Welcome to the first article of my new weekly column, The Deck to Beat! Each week, I’ll highlight a deck that savvy players will want to add to their testing gauntlet. It won’t always be the format’s most popular deck (that might get repetitive), but instead, one that’s likely to see a surge in popularity for the coming weekend.

This week, my choice was a no-brainer—Hangarback Abzan. This deck dominated Grand Prix London two weeks ago, winning the event, and putting four other players between 2nd and 9th place! Last weekend, I watched fellow ChannelFireball columnist Matt Costa tear up our Northeast United States WMCQ with the deck, before finally losing in the Top 8.

Hangarback Abzan is a “middle speed” build of Abzan. It shares similarities to Abzan Aggro, but has cashed in its Rakshasa Deathdealers for the staying power of Hangarback Walker and Den Protector. After sideboarding, it can take an even more controlling posture if it really wants to grind out the opponent. It’s a rock-solid deck that plays a tremendous concentration of the format’s most powerful cards. It has no glaring weaknesses that can easily be exploited.

Additional reading on Hangarback Abzan here.

Hangarback Abzan

I’ve offered up a representative deck list that I think is well-balanced, and helpful to test against. Although the GP London decks had lots of Ultimate Prices, I expect the numbers of that card to decrease, since it’s quite poor in the Hangarback Abzan mirror.

In a world of midrange decks, proper positioning is key. From my experience, the best way to attack these metagames is to try your best to be either much faster than your opponents, or else to be a little slower than them. If you can rush people down and score easy wins, go for it! If not, you have to settle in for long, drawn-out sieges, and you’d better make sure you’re the one with the heavier artillery.

What to Do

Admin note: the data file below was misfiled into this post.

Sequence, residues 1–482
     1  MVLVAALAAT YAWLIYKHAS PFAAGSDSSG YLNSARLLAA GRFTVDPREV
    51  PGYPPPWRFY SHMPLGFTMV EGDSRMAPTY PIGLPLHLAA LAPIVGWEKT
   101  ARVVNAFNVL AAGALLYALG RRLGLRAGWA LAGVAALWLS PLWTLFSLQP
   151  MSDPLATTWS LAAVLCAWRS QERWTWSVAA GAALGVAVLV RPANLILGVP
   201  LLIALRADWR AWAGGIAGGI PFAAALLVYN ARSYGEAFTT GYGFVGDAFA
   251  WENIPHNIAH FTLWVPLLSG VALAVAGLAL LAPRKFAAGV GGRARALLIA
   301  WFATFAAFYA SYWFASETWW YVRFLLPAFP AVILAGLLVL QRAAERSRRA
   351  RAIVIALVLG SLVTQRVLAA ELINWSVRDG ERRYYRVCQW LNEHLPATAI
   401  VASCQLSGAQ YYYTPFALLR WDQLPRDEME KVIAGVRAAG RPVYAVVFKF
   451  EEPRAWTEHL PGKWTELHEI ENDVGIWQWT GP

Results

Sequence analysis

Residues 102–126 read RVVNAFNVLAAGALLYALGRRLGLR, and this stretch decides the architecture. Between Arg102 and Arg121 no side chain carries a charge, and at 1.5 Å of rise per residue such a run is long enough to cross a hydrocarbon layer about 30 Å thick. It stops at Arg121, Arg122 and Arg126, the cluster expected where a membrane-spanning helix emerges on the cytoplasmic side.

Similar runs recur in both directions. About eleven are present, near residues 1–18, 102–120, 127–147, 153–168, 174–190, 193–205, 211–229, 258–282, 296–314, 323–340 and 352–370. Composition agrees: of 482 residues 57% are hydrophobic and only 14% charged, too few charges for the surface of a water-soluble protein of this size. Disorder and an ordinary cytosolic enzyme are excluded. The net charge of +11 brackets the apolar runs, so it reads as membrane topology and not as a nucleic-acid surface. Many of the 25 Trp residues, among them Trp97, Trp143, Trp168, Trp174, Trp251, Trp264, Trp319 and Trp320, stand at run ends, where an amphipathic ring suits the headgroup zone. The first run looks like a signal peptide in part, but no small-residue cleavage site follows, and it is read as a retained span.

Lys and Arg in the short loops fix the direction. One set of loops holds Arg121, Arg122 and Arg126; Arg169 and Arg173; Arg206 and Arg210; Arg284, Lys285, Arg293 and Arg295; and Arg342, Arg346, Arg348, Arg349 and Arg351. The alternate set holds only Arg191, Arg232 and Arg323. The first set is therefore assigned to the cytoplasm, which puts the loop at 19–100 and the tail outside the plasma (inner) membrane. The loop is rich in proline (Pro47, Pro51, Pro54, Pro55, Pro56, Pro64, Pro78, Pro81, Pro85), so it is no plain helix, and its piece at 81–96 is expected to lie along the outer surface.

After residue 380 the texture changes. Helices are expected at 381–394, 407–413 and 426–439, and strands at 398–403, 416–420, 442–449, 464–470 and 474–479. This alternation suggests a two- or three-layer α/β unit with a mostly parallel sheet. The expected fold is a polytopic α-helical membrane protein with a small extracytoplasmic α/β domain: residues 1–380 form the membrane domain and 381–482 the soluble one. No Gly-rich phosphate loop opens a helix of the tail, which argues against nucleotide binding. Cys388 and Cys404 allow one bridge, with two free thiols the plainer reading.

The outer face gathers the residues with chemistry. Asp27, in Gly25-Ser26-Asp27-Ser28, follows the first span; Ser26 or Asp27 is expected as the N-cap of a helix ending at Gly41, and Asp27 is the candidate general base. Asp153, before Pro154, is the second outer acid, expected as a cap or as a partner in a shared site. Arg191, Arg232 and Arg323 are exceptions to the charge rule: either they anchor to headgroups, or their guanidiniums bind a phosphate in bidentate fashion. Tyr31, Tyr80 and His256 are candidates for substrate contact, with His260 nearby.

What Not to Do

Matchups

Hangarback Abzan Mirror

This is a grindy midrange mirror, but the die roll is more important than normal due to the presence of Dromoka’s Command. Be prepared to employ different game plans and sideboard strategies when you’re on the play or on the draw.

On the play, you might gain an early advantage via a quick beatdown draw, and push that advantage via Dromoka’s Command. (Command is absolutely perfect if your opponent is mirroring your creatures, and you’re pumping plus fighting). Finishing off with a Wingmate Roc or Ajani, Mentor of Heroes will be perfect.

If you’re on the draw, and want to beat an opponent with a good beatdown curve-out, you’re going to need lots of non-Dromoka’s Command removal. Self-Inflicted Wound is best, and Ultimate Price is quite poor. Bile Blight, Valorous Stance, Glare of Heresy, Abzan Charm, and Hero’s Downfall are also good. You can use Surge of Righteousness or Dark Betrayal, but don’t overdo it on those. Once you’ve stabilized, win via Elspeth, Sun’s Champion or Den Protector card advantage.

One final tip is to think carefully about Hangarback Walkers matching up against opposing Abzan Charms. In some situations, you’ll want to keep your Walker as a 2/2 to play around it. However, Abzan Charm is always going to be a great card in the matchup, so it’s not as though you’re making their card dead when you play around it. Use your best judgment—play safe, but don’t play scared.

Mono-Red

Hangarback Walker is going to be a troublesome card for you, but other than that, it’ll be the same as any other Abzan deck. I think it’s best to just fight through the Hangarbacks, since sideboarding narrow cards like Magma Spray or Scouring Sands can cause you to lose if they don’t draw it.

The good news is that you won’t normally have to worry about board sweepers. In fact, you should definitely not play around board sweepers! You should go for the throat and try to win quickly. If you play conservatively, Siege Rhinos and Sorin, Solemn Visitor are going to ruin your day. More good news is that Hangarback Abzan plays a lot of pain lands.

Sideboard some Roasts and Goblin Heelcutters, but stick to the plan of being fast and attacking their life total.

Jeskai

Jeskai is traditionally a small underdog against Abzan, and particularly struggles with the card Siege Rhino. However, attacking Hangarback Abzan in the air is going to be a good plan. Mantis Rider and Stormbreath Dragon will be your heavy lifters.

With all of the Dromoka’s Commands running around, it’s a bad time for Jeskai Ascendancy, Outpost Siege, Chained to the Rocks, or any other enchantments that decks in this vein would normally consider.

Bring a healthy number of Roasts and Valorous Stances, try to stick a threat like Jace, Vryn’s Prodigy or Mantis Rider, and pull ahead with a well-placed Dig Through Time.

Conclusion

All in all, Hangarback Abzan doesn’t bring many surprises. Everything that’s been good against Abzan for the past year is still going to be good. Hangarback is a bit of a speed bump against fast decks, and offers a bit more staying power against slow decks. However, it also makes Hangarback Abzan slower than older versions of Abzan Aggro.